Geschichte der Naturphilosophie. Berlin, 1932. A history of the development of the idea of Grundlagenforschung in experimental science.
Die Grundlagen der Geometrie. Stuttgart, 1933.
Die Methode der Physik. Munich, 1938.
Lehrbuch der exacten Naturwissenschaften. Berlin, 1944. Only thirty copies printed. Parts reprinted with Italian translation and a commentary by Enrico Albani in Methodos 7 (1955): 277–287, and 8 (1956): 29–30, 122–137, 191–199.
Metaphysik als Wissenschaft und der Primat der Philosophie. Munich, 1926.
Das System. Munich, 1933.
Das Handeln im Sinne des höchsten Zieles. Munich, 1935.
Von der Tierseele zur Menschenseele. Leipzig, 1941.
Grundriss der methodischen Philosophie. Füssen, 1949. A crystal-clear summary of Dingler's main views, but of lower technical quality than his main treatises.
"Methodik statt Erkenntnistheorie und Wissenschaftslehre." Kant-Studien 41 (1936): 346–379.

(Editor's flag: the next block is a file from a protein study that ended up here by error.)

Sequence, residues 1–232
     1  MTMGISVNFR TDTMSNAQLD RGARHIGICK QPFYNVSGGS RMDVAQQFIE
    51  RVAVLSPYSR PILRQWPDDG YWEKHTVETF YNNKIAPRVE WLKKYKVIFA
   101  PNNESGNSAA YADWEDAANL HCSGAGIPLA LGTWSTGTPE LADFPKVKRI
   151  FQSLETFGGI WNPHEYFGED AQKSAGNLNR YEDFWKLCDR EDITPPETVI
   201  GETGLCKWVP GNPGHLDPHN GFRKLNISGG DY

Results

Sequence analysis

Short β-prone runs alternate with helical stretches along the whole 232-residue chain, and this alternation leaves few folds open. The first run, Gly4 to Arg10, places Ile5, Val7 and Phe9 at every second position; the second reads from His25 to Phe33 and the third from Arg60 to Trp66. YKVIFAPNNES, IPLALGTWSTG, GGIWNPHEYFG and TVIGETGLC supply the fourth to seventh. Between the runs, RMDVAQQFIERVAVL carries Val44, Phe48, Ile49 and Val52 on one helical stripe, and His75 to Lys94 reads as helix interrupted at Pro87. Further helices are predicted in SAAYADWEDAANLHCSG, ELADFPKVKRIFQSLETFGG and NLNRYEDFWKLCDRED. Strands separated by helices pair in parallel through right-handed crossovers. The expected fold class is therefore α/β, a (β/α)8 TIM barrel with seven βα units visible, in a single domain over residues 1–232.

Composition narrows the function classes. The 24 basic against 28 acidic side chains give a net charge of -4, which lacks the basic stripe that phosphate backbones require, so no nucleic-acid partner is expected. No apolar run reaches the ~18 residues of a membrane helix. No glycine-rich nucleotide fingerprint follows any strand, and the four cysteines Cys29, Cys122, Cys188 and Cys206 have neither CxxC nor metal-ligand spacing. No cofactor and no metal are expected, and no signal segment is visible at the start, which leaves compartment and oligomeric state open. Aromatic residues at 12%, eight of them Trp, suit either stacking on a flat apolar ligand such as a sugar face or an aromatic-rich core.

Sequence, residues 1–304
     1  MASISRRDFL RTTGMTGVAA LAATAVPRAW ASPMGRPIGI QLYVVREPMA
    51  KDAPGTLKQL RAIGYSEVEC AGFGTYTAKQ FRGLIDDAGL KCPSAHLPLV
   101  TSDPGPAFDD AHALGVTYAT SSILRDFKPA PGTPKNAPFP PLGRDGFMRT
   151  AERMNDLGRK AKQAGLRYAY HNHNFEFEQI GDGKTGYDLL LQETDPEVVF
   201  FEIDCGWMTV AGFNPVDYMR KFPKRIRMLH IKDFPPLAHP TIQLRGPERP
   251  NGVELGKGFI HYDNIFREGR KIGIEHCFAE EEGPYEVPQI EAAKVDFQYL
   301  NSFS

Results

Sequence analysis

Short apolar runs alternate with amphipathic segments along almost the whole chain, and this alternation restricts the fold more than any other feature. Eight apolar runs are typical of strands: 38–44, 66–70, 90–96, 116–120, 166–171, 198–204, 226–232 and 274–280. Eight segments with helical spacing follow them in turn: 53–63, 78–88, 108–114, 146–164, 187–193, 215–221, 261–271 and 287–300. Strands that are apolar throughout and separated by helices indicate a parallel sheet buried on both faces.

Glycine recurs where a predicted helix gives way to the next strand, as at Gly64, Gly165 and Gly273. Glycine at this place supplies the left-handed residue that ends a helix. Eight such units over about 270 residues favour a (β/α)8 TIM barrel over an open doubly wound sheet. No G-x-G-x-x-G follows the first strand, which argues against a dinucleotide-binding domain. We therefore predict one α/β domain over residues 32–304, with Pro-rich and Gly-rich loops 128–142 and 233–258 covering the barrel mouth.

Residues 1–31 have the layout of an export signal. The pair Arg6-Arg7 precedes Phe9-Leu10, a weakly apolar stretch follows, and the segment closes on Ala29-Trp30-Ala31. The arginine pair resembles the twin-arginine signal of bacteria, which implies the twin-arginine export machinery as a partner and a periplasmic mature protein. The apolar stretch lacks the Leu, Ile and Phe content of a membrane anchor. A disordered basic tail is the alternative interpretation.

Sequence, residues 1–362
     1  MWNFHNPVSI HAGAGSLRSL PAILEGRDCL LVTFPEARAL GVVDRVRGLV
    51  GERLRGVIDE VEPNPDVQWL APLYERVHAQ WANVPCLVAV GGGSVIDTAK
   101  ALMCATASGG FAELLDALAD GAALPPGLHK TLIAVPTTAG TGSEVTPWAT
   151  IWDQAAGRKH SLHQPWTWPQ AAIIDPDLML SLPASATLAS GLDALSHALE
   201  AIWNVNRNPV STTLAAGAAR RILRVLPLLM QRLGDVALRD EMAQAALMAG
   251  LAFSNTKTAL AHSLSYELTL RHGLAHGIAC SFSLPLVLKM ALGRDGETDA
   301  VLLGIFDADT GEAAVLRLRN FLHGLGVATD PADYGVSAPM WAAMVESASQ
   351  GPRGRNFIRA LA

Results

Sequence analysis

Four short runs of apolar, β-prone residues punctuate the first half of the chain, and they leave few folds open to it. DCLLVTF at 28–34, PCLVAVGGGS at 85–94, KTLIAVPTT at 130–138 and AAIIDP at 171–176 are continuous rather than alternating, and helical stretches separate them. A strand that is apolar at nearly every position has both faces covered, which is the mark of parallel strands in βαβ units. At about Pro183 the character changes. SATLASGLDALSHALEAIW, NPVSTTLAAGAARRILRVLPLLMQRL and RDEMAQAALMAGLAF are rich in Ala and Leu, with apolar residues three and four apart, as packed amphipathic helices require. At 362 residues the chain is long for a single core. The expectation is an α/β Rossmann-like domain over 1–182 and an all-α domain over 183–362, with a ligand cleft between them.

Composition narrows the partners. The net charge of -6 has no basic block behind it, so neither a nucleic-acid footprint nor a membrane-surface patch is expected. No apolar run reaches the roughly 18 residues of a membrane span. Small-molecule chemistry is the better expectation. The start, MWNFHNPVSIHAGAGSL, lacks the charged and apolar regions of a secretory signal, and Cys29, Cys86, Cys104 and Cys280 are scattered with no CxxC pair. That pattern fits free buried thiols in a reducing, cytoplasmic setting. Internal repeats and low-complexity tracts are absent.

"Über die letzte Wurzel der exakten Naturwissenschaften." Zeitschrift für die gesamte Naturwissenschaft 8 (1942): 49–70.
"Das Unberührte. Die Definition des unmittelbar Gegebenen." Zeitschrift für die gesamte Naturwissenschaft 8 (1942): 209–224.
"Die philosophische Begründung des Deszendenztheorie." In Die Evolution der Organismen, edited by Gerhard Hebener. Jena, Germany, 1943.
works on dingler
Benini, Giorgio. I concetti fondamentali della filosofia metodica di Hugo Dingler. Unpublished dissertation, Catholic University of the Sacred Heart, Milan, 1953.
Ceccato, Silvio. "Contra Dingler, pro Dingler." Methodos 4 (1952): 223–265, with English translation 266–290 and reply by Dingler, 291–296, translated into English 297–299.
Kramps, Wilhelm. Die Philosophie Hugo Dinglers. Munich, 1955. The main study.
Kramps, Wilhelm, ed. Hugo Dingler Gedenkbuch zum 75. Geburtstag. Munich: Eidos, 1956. Contains 14 essays by various authors and a bibliography.
Sandborn, Herbert. "Dingler's Methodical Philosophy." Methodos 4 (1952): 191–220.
Ferruccio Rossi-Landi (1967)